The remaining 8 tracks are as varied and strong as these, if lacking the weight of 30 years airplay. ‘Respectable Street’ is the true bridge between The Kinks and ‘Parklife’, otften passed over when tracing the lineage, it nails suburban curtain twitchers (“Avon lady fills the creases/ When she manages to squeeze in/ Past the caravans/ That never move from their front gardens”) and stands as a clear signpost to the band’s heritage, which came down more from the Beatles and their contemporary chroniclers of the surreal mundanity of English life than from the Year Zero punks they just happened to be contemporaneous with.
Elsewhere there’s the party-starting nuclear terror stomp ‘Living Through Another Cuba’, ‘Love At First Sight’ and ‘No Language In Our Lungs’ demonstrating two sides of XTC’s pop stridency, the clattering ‘Paper and Iron’ and even an incongruent seven minute closer ‘Travels In Nihilon’ which comes over like a galley-ship freak out and just about manages to earn its place.
I can’t point you to one place for everything you need to hear from XTC (although you could start with ‘Fossil Fuel’, their dizzyingly strong singles compilation). To me they are a band who need, or indeed deserve, to be consumed whole. There’s more than enough for lovers of smart British rock to lose themselves in a back catalogue that really does reward a deep dive. That they never produced a single definitive statement ultimately, to my mind, is to their credit. They were too restless, too inventive, too playful, too damned good to be pinned down in one place.
Tom listened: That XTC are fantastic goes without saying. What it is that makes them so is harder to pin down. They don’t seem to do all that much that’s different to a plethora of other bands but are just off kilter enough to make them compelling. Maybe it’s Andy Partridge’s singing – a kind of back of the throat (but not raspy) my food’s gone down the wrong way kind of warble that sounds awful on paper but is palatable enough in practice to ensure that XTC stand out from the crowd. Maybe its the mix of pop hooks, new wave sounds combined with a whiff of psychedelia (which became more of a pong as XTC grew older). Maybe it’s just that they had the best tunes. Whatever, XTC stood out at the time, released a slew of impeccable singles but, it appears, had strength in depth. Sure enough, Black Sea sounded like a must have – more accessible and less arch than the sole XTC album in my collection, Skylarking. Another Mitchell endorsed cracker!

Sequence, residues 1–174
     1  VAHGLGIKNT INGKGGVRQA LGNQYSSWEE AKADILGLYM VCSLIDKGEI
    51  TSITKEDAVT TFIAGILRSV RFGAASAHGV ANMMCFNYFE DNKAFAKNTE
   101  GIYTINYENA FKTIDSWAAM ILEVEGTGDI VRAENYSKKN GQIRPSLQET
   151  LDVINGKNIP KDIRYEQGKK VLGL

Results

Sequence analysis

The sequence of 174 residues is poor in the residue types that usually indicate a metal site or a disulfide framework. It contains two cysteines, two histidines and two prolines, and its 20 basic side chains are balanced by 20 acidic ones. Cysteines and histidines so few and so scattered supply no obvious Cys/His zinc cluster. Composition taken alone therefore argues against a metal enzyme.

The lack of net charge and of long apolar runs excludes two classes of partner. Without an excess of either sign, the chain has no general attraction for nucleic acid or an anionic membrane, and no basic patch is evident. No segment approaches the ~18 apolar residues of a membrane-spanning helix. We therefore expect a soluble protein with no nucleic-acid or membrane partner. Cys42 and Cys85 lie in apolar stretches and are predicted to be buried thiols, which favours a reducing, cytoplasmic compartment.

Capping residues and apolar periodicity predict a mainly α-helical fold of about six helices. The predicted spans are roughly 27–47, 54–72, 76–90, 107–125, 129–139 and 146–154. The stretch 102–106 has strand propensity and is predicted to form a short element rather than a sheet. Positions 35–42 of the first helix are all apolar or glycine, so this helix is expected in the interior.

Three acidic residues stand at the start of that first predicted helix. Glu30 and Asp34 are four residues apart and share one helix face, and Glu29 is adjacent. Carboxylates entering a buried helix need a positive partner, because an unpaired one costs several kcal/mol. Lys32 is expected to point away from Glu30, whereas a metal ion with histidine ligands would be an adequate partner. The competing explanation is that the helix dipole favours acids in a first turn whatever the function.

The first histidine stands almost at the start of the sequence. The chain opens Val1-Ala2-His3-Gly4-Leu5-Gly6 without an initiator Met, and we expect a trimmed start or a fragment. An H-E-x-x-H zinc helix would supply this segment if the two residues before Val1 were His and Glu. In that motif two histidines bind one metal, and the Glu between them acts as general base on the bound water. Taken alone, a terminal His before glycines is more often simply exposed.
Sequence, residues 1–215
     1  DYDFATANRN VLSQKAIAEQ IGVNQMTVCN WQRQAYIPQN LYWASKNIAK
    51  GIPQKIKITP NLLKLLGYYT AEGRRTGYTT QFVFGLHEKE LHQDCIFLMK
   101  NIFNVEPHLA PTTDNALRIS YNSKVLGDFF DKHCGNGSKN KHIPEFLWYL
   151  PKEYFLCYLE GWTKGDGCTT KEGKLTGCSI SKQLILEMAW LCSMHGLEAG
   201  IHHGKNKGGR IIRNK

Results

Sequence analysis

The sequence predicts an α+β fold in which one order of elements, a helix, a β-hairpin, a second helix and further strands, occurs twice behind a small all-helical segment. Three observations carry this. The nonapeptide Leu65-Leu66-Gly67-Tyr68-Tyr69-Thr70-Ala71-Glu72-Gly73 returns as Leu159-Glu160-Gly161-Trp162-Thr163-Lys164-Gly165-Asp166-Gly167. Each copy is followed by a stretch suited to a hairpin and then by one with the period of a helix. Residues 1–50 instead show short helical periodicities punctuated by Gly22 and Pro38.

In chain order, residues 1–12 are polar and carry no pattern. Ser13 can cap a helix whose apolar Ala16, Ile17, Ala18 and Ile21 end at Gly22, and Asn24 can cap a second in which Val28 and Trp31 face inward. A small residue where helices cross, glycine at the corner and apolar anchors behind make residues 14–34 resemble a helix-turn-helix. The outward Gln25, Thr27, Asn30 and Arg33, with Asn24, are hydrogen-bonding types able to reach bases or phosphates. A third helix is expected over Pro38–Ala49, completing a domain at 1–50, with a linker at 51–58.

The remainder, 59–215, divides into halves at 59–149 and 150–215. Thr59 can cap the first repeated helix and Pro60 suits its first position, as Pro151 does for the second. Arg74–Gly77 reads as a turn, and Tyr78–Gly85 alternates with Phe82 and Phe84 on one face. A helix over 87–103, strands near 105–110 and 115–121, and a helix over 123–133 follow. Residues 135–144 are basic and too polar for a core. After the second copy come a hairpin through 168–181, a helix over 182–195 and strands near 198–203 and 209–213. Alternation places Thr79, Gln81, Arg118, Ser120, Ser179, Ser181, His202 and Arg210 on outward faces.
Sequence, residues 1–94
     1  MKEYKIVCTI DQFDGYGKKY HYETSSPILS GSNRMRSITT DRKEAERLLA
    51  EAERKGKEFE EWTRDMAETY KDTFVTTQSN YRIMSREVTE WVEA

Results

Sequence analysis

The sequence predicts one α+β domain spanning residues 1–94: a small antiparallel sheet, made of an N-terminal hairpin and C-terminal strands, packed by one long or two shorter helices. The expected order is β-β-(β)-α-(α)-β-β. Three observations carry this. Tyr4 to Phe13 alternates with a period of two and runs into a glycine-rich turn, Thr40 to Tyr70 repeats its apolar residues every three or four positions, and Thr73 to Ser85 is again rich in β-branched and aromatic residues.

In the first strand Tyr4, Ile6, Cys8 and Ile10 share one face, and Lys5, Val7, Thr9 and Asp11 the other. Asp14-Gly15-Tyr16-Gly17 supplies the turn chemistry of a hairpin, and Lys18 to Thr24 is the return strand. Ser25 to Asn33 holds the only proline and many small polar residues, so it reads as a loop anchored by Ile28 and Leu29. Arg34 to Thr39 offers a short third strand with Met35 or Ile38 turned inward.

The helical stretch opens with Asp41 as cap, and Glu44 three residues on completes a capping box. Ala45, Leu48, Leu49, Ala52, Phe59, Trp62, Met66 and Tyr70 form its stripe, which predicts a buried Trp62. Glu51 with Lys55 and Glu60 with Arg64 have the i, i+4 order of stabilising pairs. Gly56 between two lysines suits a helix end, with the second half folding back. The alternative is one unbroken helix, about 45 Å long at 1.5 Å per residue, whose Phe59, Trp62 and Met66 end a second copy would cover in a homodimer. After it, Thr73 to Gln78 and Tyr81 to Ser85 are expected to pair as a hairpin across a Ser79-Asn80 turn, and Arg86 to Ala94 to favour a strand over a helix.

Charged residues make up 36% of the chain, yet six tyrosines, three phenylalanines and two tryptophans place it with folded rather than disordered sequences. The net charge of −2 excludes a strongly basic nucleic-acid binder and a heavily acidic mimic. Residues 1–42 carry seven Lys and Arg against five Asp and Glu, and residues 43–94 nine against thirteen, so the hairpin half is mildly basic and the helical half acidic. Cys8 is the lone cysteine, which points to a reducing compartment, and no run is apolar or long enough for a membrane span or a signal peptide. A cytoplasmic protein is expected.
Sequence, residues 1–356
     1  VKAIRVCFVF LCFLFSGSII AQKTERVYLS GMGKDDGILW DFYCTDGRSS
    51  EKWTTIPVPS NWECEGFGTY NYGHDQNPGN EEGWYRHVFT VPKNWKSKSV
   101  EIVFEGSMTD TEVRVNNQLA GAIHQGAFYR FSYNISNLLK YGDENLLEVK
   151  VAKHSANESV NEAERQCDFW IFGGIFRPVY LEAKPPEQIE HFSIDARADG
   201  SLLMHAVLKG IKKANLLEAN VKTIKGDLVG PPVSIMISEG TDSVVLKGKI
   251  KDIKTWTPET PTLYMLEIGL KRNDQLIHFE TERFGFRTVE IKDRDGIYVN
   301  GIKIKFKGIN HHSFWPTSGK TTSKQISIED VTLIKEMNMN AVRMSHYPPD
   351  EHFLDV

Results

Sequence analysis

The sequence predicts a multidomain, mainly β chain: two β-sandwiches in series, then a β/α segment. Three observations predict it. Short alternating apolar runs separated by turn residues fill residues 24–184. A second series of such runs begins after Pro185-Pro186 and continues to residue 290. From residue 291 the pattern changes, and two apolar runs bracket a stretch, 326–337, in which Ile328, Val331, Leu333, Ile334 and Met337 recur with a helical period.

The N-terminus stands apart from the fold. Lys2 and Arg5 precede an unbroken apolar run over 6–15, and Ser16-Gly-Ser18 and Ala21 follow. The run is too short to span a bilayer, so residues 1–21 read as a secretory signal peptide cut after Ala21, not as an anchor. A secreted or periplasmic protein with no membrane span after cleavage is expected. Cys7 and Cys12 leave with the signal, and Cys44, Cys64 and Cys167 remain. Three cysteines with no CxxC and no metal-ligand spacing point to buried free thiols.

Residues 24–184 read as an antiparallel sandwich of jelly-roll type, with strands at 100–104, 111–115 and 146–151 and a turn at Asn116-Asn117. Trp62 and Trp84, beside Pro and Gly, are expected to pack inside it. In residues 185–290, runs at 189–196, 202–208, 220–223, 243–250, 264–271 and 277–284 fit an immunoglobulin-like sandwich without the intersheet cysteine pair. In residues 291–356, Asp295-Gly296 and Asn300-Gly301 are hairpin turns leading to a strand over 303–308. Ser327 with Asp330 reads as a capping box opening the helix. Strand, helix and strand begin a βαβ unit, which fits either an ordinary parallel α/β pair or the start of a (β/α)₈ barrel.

Graham listened: I used to love XTC as a youngster. Strangely I do not posses anything by them these days. I’m sure in a cardboard box lurking in the loft storage I would find a whole host of C90’s with their albums on, because I definitely used to have them on at home and in the car. So their absence from my collection is as much about media and format changes as it is about my lazy record buying. It was great to be reminded how great and important they were. It spurred me on to think about finding and opening that Pandora’s box of C90’s, to be reminded of what other treasures my tastes of the early 80’s could offer up. They’ll definitely be a bit of Aztec Camera and Orange Juice (like XTC, absent from my collection these days) knocking around in there. If DRC are really lucky, I’ll find a copy of Marillion’s 1984 ‘Real to Reel’ live album! Wish me luck boys!